• 10. Private & Confidential+ Fundamental Analysis   Webelieve that most Western countries are at a high risk of some form of sovereign default in the next 10 years due to over-indebtedness, including the US and UK.   Greeceis the canary in the coal mine. Small countries with less liquidity default first, followed by larger countries.   Alternative ratios of debt burden calculation such as Debt-to-GDP, Debt-to-Exports etc point to a worsening and likely unfixable fiscal situation.
  • 11. Private & Confidential+ Market pricing of default risk Section 2
  • 12. Private & Confidential+ Market Pricing of Sovereign Default   Marketpricing of sovereign default risk is shown through:   Yields on public debt   Credit Default Swaps (CDS) pricing   Webelieve that markets are fundamentally short-sighted. Companies focus on quarterly earnings. Fund managers on annual performance. If an event is very unlikely to happen in the next 12 months, it may be improperly priced.   Sovereign defaults are very rare “Black Swan” events that may happen only 1 or 2 times for a country in 100 years.
  • 13. Private & Confidential + Pricing of Greek CDS Inefficient5000+ Pricing Level based on fundamentals2009: Accountingshenanigans disclosed. 30% default 50% default lossDebt burden much larger loss settlement settlementthan expected. proposed proposed
  • 14. Private & Confidential+ Inefficient Pricing   Greece’sfundamentals and public finances remained unchanged, in bad shape, from 2009 to 2011. Markets realized too late that a default was the most probable event.   Markets, as well as rating agencies, are too late to predict and price a sovereign default since they are so rare.   Webelieve that the full default risk is not currently priced in for US and other major European nations.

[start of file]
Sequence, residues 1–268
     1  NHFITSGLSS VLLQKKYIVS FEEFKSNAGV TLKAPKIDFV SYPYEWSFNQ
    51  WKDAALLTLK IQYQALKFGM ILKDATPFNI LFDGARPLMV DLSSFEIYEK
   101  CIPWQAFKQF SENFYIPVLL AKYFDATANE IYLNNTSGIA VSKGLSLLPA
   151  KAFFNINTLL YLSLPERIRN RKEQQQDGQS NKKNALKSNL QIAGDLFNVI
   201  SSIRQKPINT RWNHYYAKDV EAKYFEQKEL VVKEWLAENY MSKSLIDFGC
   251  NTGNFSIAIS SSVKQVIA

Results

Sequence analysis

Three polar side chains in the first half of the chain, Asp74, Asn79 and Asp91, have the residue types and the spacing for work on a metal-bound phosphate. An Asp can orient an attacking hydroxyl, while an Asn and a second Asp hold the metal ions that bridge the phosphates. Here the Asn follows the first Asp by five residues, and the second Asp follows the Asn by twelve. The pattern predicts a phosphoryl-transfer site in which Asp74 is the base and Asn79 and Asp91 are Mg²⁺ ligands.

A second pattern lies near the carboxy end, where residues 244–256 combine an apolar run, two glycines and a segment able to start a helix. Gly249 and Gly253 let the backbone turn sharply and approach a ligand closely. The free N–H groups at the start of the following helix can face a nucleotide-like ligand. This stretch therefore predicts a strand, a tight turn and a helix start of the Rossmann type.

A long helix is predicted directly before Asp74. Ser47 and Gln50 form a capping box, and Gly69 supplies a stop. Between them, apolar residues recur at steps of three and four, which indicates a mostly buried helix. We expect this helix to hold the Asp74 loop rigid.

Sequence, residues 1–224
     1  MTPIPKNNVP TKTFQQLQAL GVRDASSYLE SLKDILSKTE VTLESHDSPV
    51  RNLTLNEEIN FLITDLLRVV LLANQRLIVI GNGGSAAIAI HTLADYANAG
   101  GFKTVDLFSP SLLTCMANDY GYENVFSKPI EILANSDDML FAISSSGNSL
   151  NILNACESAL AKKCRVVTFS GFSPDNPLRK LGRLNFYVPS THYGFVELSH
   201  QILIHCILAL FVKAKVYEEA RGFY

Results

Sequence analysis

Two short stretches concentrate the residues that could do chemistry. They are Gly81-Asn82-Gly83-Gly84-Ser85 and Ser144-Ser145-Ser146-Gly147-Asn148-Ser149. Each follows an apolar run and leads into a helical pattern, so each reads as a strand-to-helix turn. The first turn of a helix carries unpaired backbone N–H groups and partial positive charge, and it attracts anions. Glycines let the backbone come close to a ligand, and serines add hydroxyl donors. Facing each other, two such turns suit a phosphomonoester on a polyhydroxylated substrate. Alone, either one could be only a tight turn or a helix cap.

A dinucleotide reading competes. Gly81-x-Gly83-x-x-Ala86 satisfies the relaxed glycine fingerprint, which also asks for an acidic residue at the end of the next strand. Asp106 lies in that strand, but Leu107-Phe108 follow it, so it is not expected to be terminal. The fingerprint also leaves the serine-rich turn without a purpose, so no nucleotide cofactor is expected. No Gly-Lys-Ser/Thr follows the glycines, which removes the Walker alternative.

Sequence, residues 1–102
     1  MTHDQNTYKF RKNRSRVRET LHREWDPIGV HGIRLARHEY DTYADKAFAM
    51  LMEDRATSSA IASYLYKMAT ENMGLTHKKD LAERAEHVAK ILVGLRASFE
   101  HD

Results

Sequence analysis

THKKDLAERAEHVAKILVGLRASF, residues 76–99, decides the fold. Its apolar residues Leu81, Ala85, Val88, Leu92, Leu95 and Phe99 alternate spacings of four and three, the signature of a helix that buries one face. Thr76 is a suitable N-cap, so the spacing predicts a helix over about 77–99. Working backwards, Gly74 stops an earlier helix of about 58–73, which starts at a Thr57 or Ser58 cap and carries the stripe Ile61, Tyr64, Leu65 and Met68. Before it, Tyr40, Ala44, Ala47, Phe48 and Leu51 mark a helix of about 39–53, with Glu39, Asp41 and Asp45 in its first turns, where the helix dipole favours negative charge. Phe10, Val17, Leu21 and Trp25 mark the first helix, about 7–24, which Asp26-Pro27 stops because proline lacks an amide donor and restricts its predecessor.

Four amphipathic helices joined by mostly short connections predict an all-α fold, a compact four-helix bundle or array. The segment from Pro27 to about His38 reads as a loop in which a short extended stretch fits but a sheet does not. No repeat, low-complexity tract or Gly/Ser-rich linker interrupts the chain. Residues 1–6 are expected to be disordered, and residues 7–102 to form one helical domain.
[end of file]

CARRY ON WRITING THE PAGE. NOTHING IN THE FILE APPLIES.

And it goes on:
• 15. Private & Confidential+ Trading Strategy Section 4
  • 16. Private & Confidential+ Print$Money$$ Default$ Balance$Budget$ EsQmatedProbability 80% 15% 5% MonetarySupply InflaQonary DeflaQonary DeflaQonary Unemployment High High High HedgingNeeds ForinflaQon DefaultprotecQon Asset2priceprotecQon Decline$shortWterm,$ PreciousMetals Increase$ Increase$ increase$longWterm$ CreditorcountryHigh2 Increase$ Increase$ Increase$ YieldFixed2Income
  • 17. Private & Confidential+ Trading Strategy – Option #1   Precious metals-only   Long-only, physical bullion stored in Swiss or Australian Mints   Leveraged 3:1   3-year price target   Gold $2800/oz   Silver $45/oz   Speculative strategy with high- return and risk profile
  • 18. Private & Confidential+ 10-year Historical Gold Prices
  • 19. Private & Confidential+ Central Banks: Net Buyers now   Central Banks are the largest and most stable holders of gold bullion   Theyhave reversed a 20-yr selling trend (1989 – 2008), and since 2009 have become Net Buyers of gold   Thisis extremely bullish for the long-term prospects of gold, since the gold rally from 2000 – 2008 was despite the fact that central banks were Net Sellers.   Only1% of China’s reserves are currently in gold. China is expected to add another 3000 tonnes over the next 5 – 7 years to diversify reserves away from USD.
  • 20. Private & Confidential+ Central Bank Gold Purchases Net Purchases800 728600400 347 350200 0 2002 2003 2004 2005 2006 2007 2008 -123 2009 2010 2011(est)-200 -346-400 -380 -396 -446 -535-600 -587-800
  • 21. Private & Confidential+ Why are Central Banks buying?   Diversify reserves away from declining real values   All major currencies (USD, Euro, Swiss Franc, Yuan, Yen etc) are engaging in money printing (QE etc)   Low-interest rates globally in the major currencies   Easy-money policies causes their reserves to be inflated away   Hedge against currency collapses or major devaluations of particular countries or currencies   Hedge against sovereign debt default, geo-political risk, or major financial meltdown   It is food for thought that major central banks around the world consider these scenarios probable enough to buy large amounts of gold bullion